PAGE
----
The Marlborough Man!
Like smoking is going to somehow help me rope a steer!

Check out that one retarded ad at the top of this blog, where some kind of “physicians” are sporting the cancer-sticks like they are candy!
Lucky Strikes are “toasted.”

Keep smoking them, and you will be “toast.”
It’s just funny, these ads.
And as with all things [even religion, friends] – there is an evolution. With science comes knowledge. Or maybe it’s the other way around?

With knowledge comes science?
The point is we now know that smoking is just plain stupid.
I am not saying that in any judgmental sense – don’t get me wrong.

I’m just saying that SUCKING SMOKE INTO YOUR LUNGS ON PURPOSE has got to be perhaps one of the stupidest activities that human beings have ever invented to do.
Think about it.
Your lungs.

Those things that want oxygen oxygen oxygen…. your blood cells, lying in wait for those precious molecules to arrive – and then you flick the lighter, or strike the match, and your lungs, down below, if they could speak… are just screaming, “Nooooooooo!”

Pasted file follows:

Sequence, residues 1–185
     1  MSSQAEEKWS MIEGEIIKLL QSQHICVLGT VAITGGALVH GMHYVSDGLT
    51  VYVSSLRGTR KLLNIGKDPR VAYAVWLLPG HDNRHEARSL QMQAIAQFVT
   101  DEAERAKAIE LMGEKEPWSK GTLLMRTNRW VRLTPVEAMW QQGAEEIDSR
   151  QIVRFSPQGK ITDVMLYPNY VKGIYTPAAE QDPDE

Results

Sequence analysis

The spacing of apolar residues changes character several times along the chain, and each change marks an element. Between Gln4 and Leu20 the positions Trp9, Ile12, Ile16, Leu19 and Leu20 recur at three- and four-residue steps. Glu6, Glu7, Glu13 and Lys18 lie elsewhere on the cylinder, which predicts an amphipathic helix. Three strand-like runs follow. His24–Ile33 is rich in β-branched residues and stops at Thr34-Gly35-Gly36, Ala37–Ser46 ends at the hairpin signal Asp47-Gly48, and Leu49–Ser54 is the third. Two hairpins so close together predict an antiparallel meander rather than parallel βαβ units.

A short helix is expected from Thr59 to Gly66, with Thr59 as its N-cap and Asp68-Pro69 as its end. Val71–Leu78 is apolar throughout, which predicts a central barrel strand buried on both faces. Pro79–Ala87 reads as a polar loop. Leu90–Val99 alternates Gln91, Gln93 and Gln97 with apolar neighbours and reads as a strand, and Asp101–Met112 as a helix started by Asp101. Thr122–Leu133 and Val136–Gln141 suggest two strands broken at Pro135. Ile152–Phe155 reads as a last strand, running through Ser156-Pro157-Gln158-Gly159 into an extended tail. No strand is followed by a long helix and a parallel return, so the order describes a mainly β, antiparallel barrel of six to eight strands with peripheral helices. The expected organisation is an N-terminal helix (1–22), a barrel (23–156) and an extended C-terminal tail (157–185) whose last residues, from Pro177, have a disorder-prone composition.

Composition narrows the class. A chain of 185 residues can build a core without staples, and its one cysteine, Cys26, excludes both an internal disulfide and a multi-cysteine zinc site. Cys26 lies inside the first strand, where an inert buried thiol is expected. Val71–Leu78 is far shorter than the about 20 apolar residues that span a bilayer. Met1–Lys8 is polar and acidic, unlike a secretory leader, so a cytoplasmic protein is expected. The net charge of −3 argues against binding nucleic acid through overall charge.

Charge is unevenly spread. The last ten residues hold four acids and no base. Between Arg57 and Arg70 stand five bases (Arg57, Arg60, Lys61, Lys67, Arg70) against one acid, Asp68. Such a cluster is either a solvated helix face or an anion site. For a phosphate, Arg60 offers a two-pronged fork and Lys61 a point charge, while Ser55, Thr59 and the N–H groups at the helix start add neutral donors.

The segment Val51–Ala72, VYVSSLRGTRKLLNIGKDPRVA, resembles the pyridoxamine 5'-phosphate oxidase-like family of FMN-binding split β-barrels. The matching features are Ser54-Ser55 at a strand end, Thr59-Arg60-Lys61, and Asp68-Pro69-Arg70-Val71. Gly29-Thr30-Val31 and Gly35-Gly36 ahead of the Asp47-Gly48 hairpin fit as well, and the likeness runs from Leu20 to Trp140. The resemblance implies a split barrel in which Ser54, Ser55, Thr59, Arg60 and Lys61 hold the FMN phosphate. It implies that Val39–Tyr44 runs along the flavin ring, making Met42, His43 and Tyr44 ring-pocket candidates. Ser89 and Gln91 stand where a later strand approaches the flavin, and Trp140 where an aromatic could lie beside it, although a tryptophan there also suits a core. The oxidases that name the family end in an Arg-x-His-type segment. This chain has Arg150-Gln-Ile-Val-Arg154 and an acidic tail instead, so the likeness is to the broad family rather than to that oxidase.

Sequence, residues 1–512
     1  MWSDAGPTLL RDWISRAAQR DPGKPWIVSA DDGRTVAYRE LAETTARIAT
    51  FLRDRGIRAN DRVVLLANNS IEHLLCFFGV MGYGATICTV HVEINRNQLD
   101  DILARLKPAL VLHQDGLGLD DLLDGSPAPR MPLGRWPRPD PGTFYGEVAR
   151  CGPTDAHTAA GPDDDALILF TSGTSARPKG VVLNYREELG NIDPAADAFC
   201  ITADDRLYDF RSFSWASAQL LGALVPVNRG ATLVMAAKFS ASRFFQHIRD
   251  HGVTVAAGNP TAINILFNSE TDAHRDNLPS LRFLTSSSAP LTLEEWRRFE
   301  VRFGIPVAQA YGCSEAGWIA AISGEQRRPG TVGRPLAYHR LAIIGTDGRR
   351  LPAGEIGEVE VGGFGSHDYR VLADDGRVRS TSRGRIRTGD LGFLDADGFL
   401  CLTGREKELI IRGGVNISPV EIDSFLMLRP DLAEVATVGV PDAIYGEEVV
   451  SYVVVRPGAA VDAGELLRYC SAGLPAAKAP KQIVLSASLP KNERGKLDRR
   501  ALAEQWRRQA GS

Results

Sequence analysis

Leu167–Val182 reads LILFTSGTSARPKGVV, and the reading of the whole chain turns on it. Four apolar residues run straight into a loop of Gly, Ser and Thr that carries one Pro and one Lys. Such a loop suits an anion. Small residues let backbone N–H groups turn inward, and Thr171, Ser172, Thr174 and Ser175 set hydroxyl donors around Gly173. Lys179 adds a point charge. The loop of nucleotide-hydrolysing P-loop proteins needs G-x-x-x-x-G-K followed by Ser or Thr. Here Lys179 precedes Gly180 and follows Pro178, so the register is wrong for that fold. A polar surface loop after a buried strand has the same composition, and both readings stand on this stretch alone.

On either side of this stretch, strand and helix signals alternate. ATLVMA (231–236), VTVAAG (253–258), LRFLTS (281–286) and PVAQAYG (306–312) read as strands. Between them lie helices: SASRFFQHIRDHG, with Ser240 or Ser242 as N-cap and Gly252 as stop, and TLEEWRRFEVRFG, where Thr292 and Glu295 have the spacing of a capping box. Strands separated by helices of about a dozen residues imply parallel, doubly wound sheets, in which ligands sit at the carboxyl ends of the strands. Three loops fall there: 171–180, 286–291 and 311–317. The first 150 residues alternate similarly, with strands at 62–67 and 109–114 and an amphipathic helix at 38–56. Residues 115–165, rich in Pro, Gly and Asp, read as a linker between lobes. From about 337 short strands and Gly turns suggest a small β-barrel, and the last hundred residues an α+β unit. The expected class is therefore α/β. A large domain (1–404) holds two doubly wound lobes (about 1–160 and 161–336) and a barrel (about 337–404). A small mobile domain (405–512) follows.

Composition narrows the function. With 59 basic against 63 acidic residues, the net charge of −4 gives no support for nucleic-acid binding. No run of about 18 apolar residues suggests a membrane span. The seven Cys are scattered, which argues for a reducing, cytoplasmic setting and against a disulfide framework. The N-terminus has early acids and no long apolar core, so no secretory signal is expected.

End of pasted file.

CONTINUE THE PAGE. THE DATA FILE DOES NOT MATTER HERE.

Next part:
So check out a few of these ads I have stumbled across.
Here’s a real doozy, again, from the fine folks at Lucky Strike©, circa 1940’s –

Beware of that dangity irritation.

The irritation of rotting away on a hospital bed, the plastic oxygen thing over your shnozz, friends and family above this, as a horizon, but only during visiting hours.
Remember. You’ve got all night to see…. other things.
Things like – your past.

This next one actually cracks me up.

What the hell kind of an ad-campaign is that?
Please tell me that the guy that came up with this lovely slogan was fired the next day?
I mean, I could see if maybe these smokes were just as g
ood as the next guy’s, and were CHEAPER or something [work with me here!] but -- the same price?
That’s the best you can do?
And again…. I am dying from the use of this product?
Sorry. You are not selling me.

Now see [oh, the power of science -- of knowledge -- of X-rays…] see, “Export A©”, [and almost every single other cigarette manufacturer out there] is finally having to put the blatant truth on their packaging.